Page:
Software [In]security: Software Security Crosses the Threshold
Software security (a.k.a. application security) grew at an impressive rate in 2009, even in the headwinds of a persistent worldwide recession. In 2009, the space exceeded $500 million in US revenue for the first time, expanding 21.3% over 2008.
Now that this $500 million threshold has been reached, the technology analysts covering software security are likely to take over the task of gathering and publishing these numbers. I was hoping they would take over sooner, but it didn't happen — hence this (somewhat tardy) article.
Software Security Writ Large
Building secure software requires a combination of people, processes, and tools. By tracking revenue from both tools providers and services firms, we can get some idea of how quickly the market is growing, and which parts of the market are driving growth.
I have been tracking the software security market and publishing numbers since 2006. See these past (mysteriously named) articles for data from previous years:
- InformIT (2008): Software Security Comes of Age: Space Approaches $500M threshold
- InformIT (2007): Software Security Demand Rising
- Darkreading (2006): Want Turns to Need
Figure 1 above shows in millions of US dollars how the four major segments of the space have grown since 2006, from a total of $293.9 million (2006) to a total of $554.4 million in 2009. Note that even stronger growth is evident midway through 2010.
The numbers discussed here include the application firewall market, a segment that experienced plenty of growth in 2009 primarily due to PCI compliance activities (see Forrester's Web Application Firewall: 2010 And Beyond). I was surprised by the robust growth of both the application firewall market (up 30% over 2008) and the black box testing market (up a striking 63%). Even as software security early adopters mature their approach to encompass mitigation, the middle market of small- and medium-sized businesses is looking into the basics.
The acquisition strategies of IBM (who bought black box testing vendor Watchfire in 2007 and purchased source code scanning vendor Ounce Labs in July 2009) and HP (who purchased SPI Dynamics in 2007 and are rumored to be in the market for a source code scanner in mid-2010) look to be justified by the numbers. In particular, IBM is doing a shockingly good job of expanding the black box Web app testing market.
Tools: Code Scanning Trumps Web App Testing
The software security tools market segment continues to lead overall market growth. The tools market in 2009 grew 34% over 2008 from $193M to just under $260M. This total includes both black box Web application testing tools and white box code review tools (which are not limited to Web software).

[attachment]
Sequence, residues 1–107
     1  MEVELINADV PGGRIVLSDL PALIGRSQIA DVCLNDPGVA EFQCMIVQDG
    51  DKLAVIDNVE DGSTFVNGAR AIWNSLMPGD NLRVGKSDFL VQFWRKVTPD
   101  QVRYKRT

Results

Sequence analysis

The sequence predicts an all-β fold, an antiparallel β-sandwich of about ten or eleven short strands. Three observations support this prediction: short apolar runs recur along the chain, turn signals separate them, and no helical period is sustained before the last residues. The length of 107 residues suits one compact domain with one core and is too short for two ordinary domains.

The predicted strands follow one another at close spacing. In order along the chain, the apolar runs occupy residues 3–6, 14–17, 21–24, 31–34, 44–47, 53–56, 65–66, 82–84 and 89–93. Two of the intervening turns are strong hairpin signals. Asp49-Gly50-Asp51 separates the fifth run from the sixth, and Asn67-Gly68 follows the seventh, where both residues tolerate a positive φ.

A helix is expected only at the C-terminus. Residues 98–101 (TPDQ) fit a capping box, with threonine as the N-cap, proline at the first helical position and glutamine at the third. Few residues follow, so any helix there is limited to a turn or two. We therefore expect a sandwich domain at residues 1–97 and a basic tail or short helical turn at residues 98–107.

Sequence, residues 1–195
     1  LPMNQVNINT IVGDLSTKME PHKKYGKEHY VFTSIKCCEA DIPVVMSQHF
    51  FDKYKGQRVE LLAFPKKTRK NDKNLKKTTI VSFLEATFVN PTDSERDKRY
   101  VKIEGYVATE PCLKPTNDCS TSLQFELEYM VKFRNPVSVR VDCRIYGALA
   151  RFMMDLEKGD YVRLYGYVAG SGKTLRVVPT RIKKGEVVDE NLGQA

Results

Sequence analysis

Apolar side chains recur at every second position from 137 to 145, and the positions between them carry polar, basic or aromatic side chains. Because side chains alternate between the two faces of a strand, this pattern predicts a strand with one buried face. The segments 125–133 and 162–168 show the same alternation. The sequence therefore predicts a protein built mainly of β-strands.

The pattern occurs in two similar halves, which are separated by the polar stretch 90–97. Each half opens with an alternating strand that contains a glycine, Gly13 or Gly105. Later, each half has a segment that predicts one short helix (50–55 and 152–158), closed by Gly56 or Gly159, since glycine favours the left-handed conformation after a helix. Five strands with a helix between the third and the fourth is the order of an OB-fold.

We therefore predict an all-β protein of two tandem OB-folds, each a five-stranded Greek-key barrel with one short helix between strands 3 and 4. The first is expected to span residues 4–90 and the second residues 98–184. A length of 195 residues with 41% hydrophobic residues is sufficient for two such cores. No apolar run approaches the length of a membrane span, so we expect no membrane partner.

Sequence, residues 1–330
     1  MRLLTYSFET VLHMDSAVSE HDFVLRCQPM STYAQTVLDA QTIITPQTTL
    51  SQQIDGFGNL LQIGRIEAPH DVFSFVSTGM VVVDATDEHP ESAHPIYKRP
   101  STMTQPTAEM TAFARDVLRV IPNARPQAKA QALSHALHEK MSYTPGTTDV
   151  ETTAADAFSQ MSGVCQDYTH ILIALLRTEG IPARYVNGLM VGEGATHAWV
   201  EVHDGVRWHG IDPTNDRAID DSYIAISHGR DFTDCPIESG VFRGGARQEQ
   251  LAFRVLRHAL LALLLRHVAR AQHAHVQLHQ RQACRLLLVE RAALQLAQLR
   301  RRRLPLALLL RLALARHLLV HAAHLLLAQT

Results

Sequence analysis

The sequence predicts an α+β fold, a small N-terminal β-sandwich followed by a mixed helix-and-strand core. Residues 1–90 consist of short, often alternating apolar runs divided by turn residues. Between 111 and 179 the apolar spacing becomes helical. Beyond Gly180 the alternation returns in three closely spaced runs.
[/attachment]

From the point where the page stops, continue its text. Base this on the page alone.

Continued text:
In 2009, the black box testing tool vendors' combined revenue made some progress against the white box code review companies' combined revenue in terms of market size (with black box tools outgrowing white box tools by 45%).
This is a clear demonstration of the bifurcated growth of the space in 2009. The high end of the market continues to be ever more interested in solving software security issues and not simply diagnosing them. Mitigation is a central concern, and white box analysis is essential. But the low end of the market is beginning to expand rapidly and appears to be starting out with Web app firewalls and black box testing tools. Such basic products are easy to purchase with standard IT funding and they can be put in place without much process change.
Incidentally, I stand by my claim that a myopic focus on Web applications alone is unhealthy. Though the Web application security space is an important one, software security is a much bigger issue (and will command a much larger market in the long term).
The black box Web app tools, which I term badness-ometers, are being actively peddled by the major league players HP and IBM. After a slight hiccup caused by acquisition issues, both HP (selling SPI Dynamics technology) and IBM (selling Watchfire technology) are growing again. HP's software security tool revenue grew 16% from $25 million to $29 million. IBM's software security tool revenue grew a whopping 79% from $32.1 million to $57.5 million. Smaller companies in the space, including Cenzic, Codemonicon, Mu Dynamics and Whitehat, also doubled their reveues to a combined $34 million, this time with Cenzic leading the charge.
The static analysis code review tools space continues to expand. Led by Fortify, who grew almost 33% from $33.4 million in 2008 to $44.3 million in 2009, the space grew a respectable 16.9% from $119.3 million to $139.4 million. [Note that the numbers I am reporting this year are for revenues, not booked sales. Also, unlike some, I do not divide company revenues into "security" and "non-security."] Some growth was also experienced by Coverity (from $35.4 million to $40 million) and Klocwork (from $36.4 million to $37 million). Veracode, which focuses on binary analysis, expanded to $11 million in 2009, according to Dataquest. Ounce Labs shrank year over year in 2009 but was aquired by IBM, which is rapidly expanding the reach of the technology with its global sales force.